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Library Bridges Gap to Latinos : Education: Staff reaches out to immigrants with Spanish-language materials and computer programs that teach English.


ECHO PARK — Alejandro Cervantes had never been to a public library before he came to Los Angeles from Mexico three years ago, speaking almost no English.

But last year, an Echo Park Branch librarian came to Cervantes' English-as-a-Second-Language class at Belmont High School to tell the students about the library's computer center, where Apple Macintosh computers were helping native Spanish speakers improve their English vocabulary.

Cervantes, 18, has been a library regular ever since.

Cervantes is one of the people that Echo Park Branch librarians are talking about with pride as they conclude a three-year campaign to promote library use within Echo Park's Latino community.

The library was one of three branches of the city library system to receive a state grant earmarked for "building bridges to underserved, or never-served communities," branch Manager Sylvia Galan said. Branches in Watts and Koreatown received similar grants.

With $160,000 over three years, the Echo Park library staff mounted an aggressive outreach and built up its collection of Spanish-language books, magazines and videotapes in the hope of drawing the Spanish-speaking immigrants who live around the tiny branch.

In developing the program, the librarians worked closely with Latino community leaders and also conducted a community survey, in which area residents expressed a desire for more English-as-a-Second-Language and Spanish-language materials.

By any measure, the campaign--dubbed "Biblioteca Para Todos"--has been a success. Annual book circulation has increased 79%, Galan said. The number of cardholders has jumped 33%. Between 80% and 90% of the new cardholders are Latino, including many immigrants like Cervantes.

"For too long these people were not served," Galan said. "Many of them did not have any history of public library usage because there were no public libraries in their country of origin."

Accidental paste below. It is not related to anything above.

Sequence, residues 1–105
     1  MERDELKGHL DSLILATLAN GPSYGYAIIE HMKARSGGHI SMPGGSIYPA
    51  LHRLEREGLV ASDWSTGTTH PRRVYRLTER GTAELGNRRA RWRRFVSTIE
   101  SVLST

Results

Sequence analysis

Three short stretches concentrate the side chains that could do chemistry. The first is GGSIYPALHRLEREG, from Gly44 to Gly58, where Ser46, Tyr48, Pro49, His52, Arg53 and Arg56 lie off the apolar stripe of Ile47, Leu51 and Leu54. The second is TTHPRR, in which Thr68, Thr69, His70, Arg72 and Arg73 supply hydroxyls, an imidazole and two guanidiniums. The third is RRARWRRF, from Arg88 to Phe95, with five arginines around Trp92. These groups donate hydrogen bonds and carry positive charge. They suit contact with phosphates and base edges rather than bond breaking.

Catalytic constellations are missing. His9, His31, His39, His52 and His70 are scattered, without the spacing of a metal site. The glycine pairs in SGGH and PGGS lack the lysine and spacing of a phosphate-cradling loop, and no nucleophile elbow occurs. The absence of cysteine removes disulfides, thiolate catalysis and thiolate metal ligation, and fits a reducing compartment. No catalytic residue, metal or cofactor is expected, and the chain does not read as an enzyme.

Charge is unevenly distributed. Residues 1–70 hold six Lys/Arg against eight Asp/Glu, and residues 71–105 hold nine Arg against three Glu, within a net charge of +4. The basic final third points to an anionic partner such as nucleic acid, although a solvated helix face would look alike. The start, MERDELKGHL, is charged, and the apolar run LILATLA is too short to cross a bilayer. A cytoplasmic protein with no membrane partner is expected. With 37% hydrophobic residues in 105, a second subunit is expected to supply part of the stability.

Blanca Leal, who was hired with grant money as an outreach coordinator, said many Latino immigrants think they can use the library only if they are citizens or legal residents. Others fear that Immigration and Naturalization Service agents will track them down if they register for a library card, Leal said.

But in talks to English classes at eight area adult schools, Leal said she tried to reassure immigrants that they and their families are welcome at the library and that their names and addresses would be kept confidential.

"Anybody can have a library card," Leal said. "They are here, and they are working and if they want to better themselves, they should have that opportunity."

Leal will be leaving the library in the fall, when the money for her salary dries up, but she said other librarians are prepared to continue with her work.

Karen Jaeger, secretary of the Friends of the Echo Park Library, said the support group is pleased by the outreach effort to the Latino community.

"The library can't just preserve and enshrine the Anglo culture," she said. "It has to be a laboratory for the new culture that is emerging in our city, if our city is going to work."

One of the most effective aspects of the recruitment effort was the library's purchase of three Macintosh computers, with software packages designed to teach English as a second language.

"Everybody knows we are in the computer age, and most of these Latino immigrants can't even imagine that they would ever have access to computers," Galan said. "It's definitely something we used as bait."

City Librarian Elizabeth Martinez-Smith said many people struggling to learn English enjoy working with the computer because when they make mistakes, only the computer knows.

"The fact that you can learn on your own, within your own schedule is appealing," Martinez-Smith said, adding that she wished the city library system had the money to buy computers for every branch.

The three computers at Echo Park are only available to the public every night from 5 p.m. until the library closes at 8, because there is no one to supervise the computer center at other hours. Leal said "they are in use constantly."

However, librarians said they are training high school students, including Cervantes, as volunteers to expand the center hours.

The computers are also available to high school students preparing reports or papers, and younger children working on their math skills. But Leal, who supervises the computer center, said patrons who come to work on the English-as-a-Second-Language programs are always given top priority.

Since learning about the library's computers a year ago, Cervantes has been a regular visitor, using them to increase his command of English vocabulary and grammar.

When he started, Cervantes said, he came to the center two or three times a week and worked on the computer for two or three hours at a time. Now, the young man teaches others to use the machines.

The work has paid off.

Leal, who has monitored his progress, said Cervantes has "improved so much in his writing, and in his reading. He's gotten way better grades."

And last semester, Cervantes passed an English proficiency test to switch out of the English-as-a-Second-Language program into regular English classes.

Still, he said, he continues to practice on the computers.

"Here, I feel like I have the future in my hands," he said.

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